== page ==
When US scientists gave non-exercising mice a protein produced by exercising mice, they found it switched on genes that help preserve brain health and boost growth of new nerves in regions important for learning and memory.
They suggest their findings could pave the way to a drug that improves treatments against cognitive decline in older people and help slow progression of brain-wasting diseases like Alzheimer’s and Parkinson’s.
Dr. Bruce Spiegelman, from Dana-Farber Cancer Institute and Harvard Medical School in Boston reports the discovery in the latest online issue of the journal Cell Metabolism.
Endurance exercise has previously been shown to improve brain function, particularly in older people. But until this study the underlying molecular mechanisms were not understood.
In an earlier study, Dr. Spiegelman’s team had already discovered that the protein, called FNDC5, is released into the bloodstream as a variant called irisin as a result of muscular exertion.
In this latest work, the researchers monitored the effect of endurance exercise on mice (they voluntarily ran on an exercise wheel for 30 days).
Boosting prodcuction of FNDC5
They found endurance exercise increased the effect of a regulatory metabolic compound, PGC-1alpha in the muscles of mice, which boosted production of FNDC5. This had the knock-on effect of switching on genes that increased the expression of a brain-protective protein, BDNF, in the hippocampus, a part of the brain involved in learning and memory.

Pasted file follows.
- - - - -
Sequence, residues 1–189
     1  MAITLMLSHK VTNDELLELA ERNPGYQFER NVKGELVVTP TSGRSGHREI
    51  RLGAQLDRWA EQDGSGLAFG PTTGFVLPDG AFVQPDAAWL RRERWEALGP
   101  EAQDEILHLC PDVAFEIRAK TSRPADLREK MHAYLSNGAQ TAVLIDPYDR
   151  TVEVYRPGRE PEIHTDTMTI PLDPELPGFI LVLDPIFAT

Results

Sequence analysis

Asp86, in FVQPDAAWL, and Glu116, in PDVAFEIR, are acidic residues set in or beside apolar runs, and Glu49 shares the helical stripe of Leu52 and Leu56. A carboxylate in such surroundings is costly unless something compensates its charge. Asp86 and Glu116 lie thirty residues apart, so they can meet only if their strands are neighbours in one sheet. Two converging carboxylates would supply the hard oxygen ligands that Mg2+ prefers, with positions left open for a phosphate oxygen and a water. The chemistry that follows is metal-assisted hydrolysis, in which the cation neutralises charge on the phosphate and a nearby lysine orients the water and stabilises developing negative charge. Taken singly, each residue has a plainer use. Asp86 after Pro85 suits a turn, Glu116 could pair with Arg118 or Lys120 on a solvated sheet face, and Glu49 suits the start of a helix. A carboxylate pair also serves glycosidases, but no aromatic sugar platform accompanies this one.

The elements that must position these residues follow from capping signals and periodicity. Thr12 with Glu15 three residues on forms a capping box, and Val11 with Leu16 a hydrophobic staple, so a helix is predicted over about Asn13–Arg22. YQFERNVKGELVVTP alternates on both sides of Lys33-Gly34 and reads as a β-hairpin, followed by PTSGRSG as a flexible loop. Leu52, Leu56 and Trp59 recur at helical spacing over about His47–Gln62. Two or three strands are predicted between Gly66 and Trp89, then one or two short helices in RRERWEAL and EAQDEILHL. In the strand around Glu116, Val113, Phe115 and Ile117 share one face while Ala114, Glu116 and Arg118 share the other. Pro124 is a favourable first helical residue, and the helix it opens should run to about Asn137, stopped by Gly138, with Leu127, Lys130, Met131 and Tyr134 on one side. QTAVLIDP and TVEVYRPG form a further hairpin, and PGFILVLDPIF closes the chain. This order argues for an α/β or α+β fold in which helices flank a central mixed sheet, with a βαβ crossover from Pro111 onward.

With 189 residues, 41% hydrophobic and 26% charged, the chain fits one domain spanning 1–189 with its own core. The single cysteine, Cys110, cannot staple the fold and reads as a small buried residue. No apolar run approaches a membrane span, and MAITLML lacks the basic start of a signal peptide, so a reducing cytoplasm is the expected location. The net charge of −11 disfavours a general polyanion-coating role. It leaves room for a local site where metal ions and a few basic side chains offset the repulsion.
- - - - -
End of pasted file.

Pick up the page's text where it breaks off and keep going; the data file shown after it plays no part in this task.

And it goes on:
The hippocampus is only one of two areas in the adult brain that can grow new nerve cells. Exercise increases the effect of BDNF in the hippocampus, where it preserves brain cells and promotes the growth of new nerves and synapses or junctions between nerve cells, thereby aiding learning and memory.
But until now it was not clear what linked exercise to BDNF at the molecular level, which is what you need to know in order to develop drugs that have the same effect.
This study is the first to suggest that the molecular pathway that links exercise to raised BDNF activity goes via PGC-1alpha and FNDC5.
However, the authors suggest there may also be other pathways, waiting to be discovered.
In a second stage of the study, the researchers showed artificially increasing FNDC5 without the help of exercise had the same effect.
Dr. Spiegelman says:
“What is exciting is that a natural substance can be given in the bloodstream that can mimic some of the effects of endurance exercise on the brain.”
However, he cautions that more studies are now needed to find out whether giving mice FNDC5 actually leads to improved brain function.
Also, the researchers did not establish whether it was FNDC5 itself that ended up in the brains of the mice, or its variant, irisin.
If drug developers choose to start with irisin, they will first have to make a more stable form of the protein, says Dr. Spiegelman.
Funds from the JPB Foundation and National Institutes of Health helped finance the study.
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source: MNT Medical News by Catharine Paddock PhD